"I was able to do a painting based on that sketch," she said.

Toffey called that painting "Abbot," which was the name of a friend who had died of AIDS. In this piece, she incorporated her childhood fascination for construction equipment as the first layer. To Toffey, a Dumpster or truck doors symbolize the earth.

"I love them for their textured surfaces," she said. "They signify the earth to me, solid and nurturing."

The middle ground is the person around whom she has focused the painting, and thinly washed on top of the figure is a candy wrapper or some kind of food wrapper.

"The wrappers relate to the woman I’ve painted. For instance, in the Mary Cassatt painting, I used a Philadelphia cream cheese wrapper because Cassatt was from Allegheny, Pa.," Toffey explained. "And in my Judith Leyster painting, I used the wrapper from a cigar called Dutch Masters, because Leyster was Dutch and a master of painting."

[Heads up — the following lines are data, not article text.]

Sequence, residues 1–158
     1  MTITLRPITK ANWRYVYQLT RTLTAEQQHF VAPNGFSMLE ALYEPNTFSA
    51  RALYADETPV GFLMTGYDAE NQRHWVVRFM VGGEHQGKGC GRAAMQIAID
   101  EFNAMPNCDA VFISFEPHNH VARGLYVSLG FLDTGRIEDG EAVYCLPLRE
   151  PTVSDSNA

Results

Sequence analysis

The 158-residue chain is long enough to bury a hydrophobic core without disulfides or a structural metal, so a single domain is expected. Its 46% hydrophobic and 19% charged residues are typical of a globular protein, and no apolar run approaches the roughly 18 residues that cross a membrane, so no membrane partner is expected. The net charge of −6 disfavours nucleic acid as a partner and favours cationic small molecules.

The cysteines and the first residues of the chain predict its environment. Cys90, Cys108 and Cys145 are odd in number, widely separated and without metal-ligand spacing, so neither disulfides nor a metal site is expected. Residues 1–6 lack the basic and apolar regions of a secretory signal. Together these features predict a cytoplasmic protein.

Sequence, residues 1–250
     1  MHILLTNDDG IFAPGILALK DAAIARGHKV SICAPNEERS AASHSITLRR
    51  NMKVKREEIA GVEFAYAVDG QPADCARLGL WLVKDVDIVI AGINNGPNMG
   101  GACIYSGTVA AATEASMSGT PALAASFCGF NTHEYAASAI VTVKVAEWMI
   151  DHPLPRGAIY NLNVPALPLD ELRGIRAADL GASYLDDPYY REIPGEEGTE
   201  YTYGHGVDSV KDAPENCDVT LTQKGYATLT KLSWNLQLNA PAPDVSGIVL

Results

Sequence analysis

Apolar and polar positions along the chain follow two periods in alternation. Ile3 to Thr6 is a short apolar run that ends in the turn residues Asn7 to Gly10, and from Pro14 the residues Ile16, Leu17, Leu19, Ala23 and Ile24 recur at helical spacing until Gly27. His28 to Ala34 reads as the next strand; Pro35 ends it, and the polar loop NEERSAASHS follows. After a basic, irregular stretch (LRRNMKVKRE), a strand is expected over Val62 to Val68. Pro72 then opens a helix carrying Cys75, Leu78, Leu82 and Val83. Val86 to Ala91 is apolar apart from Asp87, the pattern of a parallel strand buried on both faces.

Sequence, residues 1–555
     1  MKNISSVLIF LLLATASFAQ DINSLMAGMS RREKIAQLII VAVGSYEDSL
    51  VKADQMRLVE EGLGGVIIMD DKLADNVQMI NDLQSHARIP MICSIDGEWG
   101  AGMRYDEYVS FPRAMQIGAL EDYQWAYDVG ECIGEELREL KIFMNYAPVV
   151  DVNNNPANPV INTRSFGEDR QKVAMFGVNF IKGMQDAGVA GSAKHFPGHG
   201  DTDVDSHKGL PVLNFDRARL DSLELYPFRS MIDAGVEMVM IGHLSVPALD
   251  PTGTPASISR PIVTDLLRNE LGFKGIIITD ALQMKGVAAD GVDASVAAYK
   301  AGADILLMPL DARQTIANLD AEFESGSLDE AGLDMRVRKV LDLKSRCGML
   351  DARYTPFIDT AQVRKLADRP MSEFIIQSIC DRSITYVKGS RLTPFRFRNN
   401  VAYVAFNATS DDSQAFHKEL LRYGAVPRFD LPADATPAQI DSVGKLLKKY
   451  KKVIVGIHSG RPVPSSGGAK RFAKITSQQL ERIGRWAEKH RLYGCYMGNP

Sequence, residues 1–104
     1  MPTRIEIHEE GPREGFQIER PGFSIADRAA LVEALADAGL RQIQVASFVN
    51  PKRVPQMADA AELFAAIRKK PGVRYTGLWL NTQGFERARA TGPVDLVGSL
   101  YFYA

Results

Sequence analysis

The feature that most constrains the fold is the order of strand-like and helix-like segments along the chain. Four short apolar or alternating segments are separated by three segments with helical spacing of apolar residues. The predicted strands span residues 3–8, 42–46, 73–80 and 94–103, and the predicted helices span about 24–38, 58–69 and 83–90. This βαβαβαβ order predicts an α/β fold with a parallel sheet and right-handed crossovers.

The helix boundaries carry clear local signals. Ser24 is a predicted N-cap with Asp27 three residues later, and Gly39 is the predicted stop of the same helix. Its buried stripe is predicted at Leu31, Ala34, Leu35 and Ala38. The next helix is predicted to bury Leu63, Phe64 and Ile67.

Before that summer, Toffey was doing abstracts using candy wrappers. She said she doesn’t like candy and hasn’t eaten sugar for 10 years, but she collects candy wrappers from all over the world.

"I see candy wrappers as being very big, like you’re an ant on top of one," she said. "Crumpled candy wrappers have been a source of my images since I went to Cal Arts in 1974."

Toffey began focusing on women around the same time that she had that conversation with her husband on the plane trip from California.

"I really felt kind of limited at one point," she said. "By focusing on the women I’m painting, I feel really connected to them."

Toffey uses oil on top of acrylic with a lot of pencil lines. She is working on a large angel, about 55 by 72 inches, for the show at the prestigious Monmouth Reform Temple show in April.

"It’s a big canvas. I don’t know how I’m going to get it there," she said.

Toffey has been married for 19 years to a computer engineer and has two daughters, ages 16 and 12.

Her focus is not only on empowering her daughters and women but on empowerment in general.

Like a true artist, Toffey is intuitive and open-hearted.

"I don’t think personal freedom or growth has to be gender-related. It’s about everyone and anyone," she said. "If they become free, then I become free."